A true eco warrior restoring populations of our favourite flightless bird.
Words Sophia Ramsay
Most people would be pretty content with living in the picturesque coastal spot of Tutukaka, in Northland, and be without a care in the world. But for Nick Davies, there’s a lot of work to be done.
For more than 20 years, Nick Davies has been seriously committed to actively preserving and restoring New Zealand’s natural environment and brown kiwi population, while educating his friends and community about nature conservation and living sustainably.
Davies’ passion for nature is reflected in the volunteer work he does, both on land and at sea. He is a marine and fishery biologist, specialising in mathematic models of tuna populations and sustainability for commercial fisheries. Davies works as a fulltime consultant to the Secretariat of the Pacific Communities which works in synergy with New Zealand, Australia, Japan and the United States for the sustainability of fish resources throughout the Pacific. While many would say Davies is doing his bit with his nine-to-five gig, as well as this, Davies is also the co-founder of the Tutukaka Land Care Coalition (TLC).
TLC’s goal is to ‘bring back the birds to the Tutukaka Coast’ by eradicating the invasive pests and predator species which attack the flora and birds in the area. This can be done by trapping stoats, rats and possums to create safe habitats for kiwi and other birds.
Davies co-founded the organisation in 2002 to restore Northland’s native bush and prevent the extinction of the brown kiwi. Davies also willingly teaches as many other people who want to help how to use pest trapping in order to stop possums, stoats, ferrets, and rats from eating the kiwi eggs and chicks, and feeding on the fruiting trees which are the main source of food for many native birds. Some of the volunteers he has trained have gone on to gain employment as regular trappers.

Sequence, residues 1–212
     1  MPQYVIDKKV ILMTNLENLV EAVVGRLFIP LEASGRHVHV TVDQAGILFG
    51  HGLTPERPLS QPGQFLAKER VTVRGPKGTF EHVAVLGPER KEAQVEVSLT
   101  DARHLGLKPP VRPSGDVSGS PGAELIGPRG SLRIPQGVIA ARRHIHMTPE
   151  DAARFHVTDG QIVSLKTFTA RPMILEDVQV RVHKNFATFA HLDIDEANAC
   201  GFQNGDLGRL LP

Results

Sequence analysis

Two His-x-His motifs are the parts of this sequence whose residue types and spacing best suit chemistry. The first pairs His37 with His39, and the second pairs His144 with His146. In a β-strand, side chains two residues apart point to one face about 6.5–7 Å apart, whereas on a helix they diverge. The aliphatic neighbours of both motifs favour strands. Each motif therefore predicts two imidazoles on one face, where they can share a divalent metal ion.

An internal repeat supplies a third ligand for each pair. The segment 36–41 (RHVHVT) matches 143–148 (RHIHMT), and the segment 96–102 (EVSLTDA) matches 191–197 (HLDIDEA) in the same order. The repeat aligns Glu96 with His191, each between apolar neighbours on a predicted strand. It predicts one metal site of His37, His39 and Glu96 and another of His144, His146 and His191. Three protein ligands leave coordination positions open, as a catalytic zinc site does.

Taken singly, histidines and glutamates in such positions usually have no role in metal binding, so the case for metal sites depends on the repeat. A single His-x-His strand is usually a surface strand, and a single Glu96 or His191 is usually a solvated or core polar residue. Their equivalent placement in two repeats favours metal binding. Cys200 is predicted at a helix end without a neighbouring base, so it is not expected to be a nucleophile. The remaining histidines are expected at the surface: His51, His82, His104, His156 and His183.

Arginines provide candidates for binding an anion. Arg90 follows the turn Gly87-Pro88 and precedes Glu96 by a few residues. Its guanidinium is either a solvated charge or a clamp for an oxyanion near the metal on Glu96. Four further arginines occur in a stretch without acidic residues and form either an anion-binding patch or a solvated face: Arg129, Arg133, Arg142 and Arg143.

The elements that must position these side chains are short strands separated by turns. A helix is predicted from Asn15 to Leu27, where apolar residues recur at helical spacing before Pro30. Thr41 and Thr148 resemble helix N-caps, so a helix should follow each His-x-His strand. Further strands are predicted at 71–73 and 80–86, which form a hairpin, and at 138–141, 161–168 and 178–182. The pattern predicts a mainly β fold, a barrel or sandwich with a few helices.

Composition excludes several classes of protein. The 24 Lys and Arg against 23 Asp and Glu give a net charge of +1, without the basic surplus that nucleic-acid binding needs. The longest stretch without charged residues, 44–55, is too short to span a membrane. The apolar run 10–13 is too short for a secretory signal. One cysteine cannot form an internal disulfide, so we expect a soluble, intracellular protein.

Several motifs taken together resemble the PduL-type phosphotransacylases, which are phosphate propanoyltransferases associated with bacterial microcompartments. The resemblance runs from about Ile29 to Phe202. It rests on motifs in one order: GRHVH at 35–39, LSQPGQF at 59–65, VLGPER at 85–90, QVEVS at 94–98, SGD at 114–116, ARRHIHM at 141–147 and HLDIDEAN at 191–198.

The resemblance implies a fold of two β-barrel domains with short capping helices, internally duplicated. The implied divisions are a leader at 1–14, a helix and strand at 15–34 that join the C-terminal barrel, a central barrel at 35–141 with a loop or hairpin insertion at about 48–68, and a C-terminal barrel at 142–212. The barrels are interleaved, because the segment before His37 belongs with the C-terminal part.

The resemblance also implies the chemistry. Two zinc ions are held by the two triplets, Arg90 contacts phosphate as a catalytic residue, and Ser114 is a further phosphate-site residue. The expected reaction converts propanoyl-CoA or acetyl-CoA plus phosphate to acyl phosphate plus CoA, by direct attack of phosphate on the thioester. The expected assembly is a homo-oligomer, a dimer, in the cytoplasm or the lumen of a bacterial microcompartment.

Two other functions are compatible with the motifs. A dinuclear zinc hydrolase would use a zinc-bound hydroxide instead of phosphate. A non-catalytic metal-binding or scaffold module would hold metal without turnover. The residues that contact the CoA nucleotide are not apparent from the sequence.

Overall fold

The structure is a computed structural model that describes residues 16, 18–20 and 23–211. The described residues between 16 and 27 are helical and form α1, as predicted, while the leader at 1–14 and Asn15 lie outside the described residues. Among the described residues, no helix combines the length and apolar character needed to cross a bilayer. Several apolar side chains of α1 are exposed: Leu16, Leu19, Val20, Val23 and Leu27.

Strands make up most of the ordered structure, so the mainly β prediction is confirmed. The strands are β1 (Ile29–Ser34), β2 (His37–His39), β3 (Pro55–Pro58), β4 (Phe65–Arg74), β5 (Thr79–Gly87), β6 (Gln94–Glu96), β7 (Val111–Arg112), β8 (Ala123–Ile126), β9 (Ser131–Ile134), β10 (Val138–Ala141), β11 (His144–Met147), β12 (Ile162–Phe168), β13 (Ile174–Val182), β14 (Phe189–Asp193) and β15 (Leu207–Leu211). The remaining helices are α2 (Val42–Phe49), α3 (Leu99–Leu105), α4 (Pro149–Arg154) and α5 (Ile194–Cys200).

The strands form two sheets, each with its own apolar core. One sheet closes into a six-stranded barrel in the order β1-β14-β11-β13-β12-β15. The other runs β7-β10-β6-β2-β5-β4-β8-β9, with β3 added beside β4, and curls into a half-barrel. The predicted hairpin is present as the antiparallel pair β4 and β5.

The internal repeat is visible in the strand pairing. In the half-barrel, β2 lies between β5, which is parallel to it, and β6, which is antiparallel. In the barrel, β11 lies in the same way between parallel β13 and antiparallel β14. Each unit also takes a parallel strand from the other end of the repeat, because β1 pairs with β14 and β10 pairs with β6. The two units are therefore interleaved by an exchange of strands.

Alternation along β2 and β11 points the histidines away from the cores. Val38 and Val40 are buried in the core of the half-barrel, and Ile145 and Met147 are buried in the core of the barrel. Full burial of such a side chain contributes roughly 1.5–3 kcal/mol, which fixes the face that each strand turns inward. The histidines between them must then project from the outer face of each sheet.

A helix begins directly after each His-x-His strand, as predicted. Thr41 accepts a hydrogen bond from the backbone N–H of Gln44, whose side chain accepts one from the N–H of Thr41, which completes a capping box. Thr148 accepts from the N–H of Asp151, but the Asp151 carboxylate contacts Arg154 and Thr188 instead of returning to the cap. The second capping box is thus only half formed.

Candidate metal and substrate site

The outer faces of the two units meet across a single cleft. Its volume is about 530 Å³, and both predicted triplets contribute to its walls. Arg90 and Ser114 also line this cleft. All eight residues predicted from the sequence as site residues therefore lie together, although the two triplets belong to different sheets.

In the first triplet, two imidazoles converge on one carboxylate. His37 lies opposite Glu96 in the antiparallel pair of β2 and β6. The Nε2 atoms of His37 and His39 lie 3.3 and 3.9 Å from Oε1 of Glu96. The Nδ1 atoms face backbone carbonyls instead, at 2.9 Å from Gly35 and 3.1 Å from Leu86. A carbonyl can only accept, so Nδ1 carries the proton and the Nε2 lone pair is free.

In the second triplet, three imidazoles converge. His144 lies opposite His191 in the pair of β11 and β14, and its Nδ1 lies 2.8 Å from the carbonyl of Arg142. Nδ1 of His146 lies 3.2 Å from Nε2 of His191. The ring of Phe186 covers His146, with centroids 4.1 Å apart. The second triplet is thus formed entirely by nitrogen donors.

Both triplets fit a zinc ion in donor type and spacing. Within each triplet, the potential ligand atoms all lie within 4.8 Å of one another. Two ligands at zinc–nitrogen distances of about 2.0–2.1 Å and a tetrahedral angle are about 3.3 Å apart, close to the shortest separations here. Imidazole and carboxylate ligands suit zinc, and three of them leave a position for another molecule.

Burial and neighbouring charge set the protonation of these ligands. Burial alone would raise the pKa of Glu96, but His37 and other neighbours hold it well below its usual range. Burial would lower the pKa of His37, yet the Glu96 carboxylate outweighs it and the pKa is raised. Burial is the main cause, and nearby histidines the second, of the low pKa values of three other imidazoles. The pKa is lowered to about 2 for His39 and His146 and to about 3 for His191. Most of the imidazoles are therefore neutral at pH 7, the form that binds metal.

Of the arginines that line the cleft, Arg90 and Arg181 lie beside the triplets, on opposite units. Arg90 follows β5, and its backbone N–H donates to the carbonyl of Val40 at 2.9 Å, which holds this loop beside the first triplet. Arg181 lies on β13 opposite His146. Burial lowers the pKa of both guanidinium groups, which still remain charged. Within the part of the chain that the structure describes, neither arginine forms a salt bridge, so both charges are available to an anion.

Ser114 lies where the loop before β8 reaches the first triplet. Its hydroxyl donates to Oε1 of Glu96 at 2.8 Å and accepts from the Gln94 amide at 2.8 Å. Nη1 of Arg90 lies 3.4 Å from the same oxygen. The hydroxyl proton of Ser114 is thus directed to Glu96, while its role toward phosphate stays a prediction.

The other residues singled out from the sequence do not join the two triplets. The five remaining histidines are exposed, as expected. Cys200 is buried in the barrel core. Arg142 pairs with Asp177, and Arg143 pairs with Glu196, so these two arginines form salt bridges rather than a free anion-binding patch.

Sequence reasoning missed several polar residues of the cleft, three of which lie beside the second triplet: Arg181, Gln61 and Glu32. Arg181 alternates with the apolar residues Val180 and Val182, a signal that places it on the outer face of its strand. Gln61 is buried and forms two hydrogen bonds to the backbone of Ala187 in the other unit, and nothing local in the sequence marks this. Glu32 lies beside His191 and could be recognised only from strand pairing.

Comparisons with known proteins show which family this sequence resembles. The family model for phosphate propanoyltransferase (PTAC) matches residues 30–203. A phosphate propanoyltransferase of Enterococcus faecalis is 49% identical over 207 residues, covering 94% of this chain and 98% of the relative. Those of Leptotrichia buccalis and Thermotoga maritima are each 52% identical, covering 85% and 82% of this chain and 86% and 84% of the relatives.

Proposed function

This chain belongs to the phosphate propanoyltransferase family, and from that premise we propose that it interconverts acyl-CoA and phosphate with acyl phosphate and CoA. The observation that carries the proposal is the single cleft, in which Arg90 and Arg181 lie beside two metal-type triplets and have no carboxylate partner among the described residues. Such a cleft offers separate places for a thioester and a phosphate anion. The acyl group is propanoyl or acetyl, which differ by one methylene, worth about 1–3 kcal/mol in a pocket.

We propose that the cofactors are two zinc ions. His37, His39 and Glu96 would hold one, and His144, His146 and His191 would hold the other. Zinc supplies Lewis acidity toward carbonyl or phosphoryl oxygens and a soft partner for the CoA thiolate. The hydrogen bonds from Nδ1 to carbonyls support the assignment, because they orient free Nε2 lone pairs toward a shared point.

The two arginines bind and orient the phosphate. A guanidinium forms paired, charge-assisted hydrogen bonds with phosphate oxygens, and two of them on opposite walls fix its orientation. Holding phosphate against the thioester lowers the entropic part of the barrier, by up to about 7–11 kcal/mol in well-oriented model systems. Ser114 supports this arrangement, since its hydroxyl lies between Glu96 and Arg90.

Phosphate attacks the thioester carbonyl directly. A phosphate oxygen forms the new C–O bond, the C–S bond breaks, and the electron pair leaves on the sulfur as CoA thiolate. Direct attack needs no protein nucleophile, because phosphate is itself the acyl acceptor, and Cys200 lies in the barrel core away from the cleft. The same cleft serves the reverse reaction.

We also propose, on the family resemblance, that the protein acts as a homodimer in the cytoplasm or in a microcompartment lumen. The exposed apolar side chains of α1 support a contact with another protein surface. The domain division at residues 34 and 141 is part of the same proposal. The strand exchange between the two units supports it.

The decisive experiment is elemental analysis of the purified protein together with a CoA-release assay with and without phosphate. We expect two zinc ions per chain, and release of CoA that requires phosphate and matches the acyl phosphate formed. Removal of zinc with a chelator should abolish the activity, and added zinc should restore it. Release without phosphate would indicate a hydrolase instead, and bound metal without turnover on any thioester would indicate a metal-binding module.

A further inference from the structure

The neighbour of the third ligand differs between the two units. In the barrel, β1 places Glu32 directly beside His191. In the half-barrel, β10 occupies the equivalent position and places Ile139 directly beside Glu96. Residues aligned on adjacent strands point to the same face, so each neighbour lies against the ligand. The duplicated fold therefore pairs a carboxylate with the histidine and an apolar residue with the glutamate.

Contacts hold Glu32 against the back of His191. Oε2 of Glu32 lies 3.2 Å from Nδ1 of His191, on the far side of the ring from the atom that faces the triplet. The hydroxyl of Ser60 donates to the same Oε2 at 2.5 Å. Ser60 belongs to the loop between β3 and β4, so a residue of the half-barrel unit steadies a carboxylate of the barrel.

As a result of Davies and the TLC’s actions, kiwi population has increased significantly in the area over the last 15 years. This has been measured by monitoring the number of kiwi calls at night during mating season. Davies has found that the mean number of calls grew from six calls per hour in 2005, to 9.9 calls per hour in 2016.
Says Davies, “20 years ago, the bush was crawling with possums crackling everywhere at night, now all you hear are kiwi calls, both during and off mating season.”
Quantitative assessment of biodiversity and the health of forest and native birds is in the immediate plans for TLC, who protect 8000 hectares of land in the area, owned by several parties including DOC and Davies, who owns 100 hectares.
TLC has developed educational programmes such as kiwi-aversion training for local and visiting dog owners, as well as local school programmes regarding the reintroduction of kiwi into the area. Davies has also used his land as a nursery for young big trees like puriri and karaka to offer even more fruits to native birds in the future.
All of the work Davies does, as well as maintaining a sustainable lifestyle using solar panels to power his home and work space, makes him an inspiration to many in his community and beyond.
To vote for Nick Davies, winner of the Environment category, to be the People’s Choice winner, click here.
To find out more about Nick Davies and his work for the Tutukaka Land Care Coalition, head to tutukakalandcare.org.nz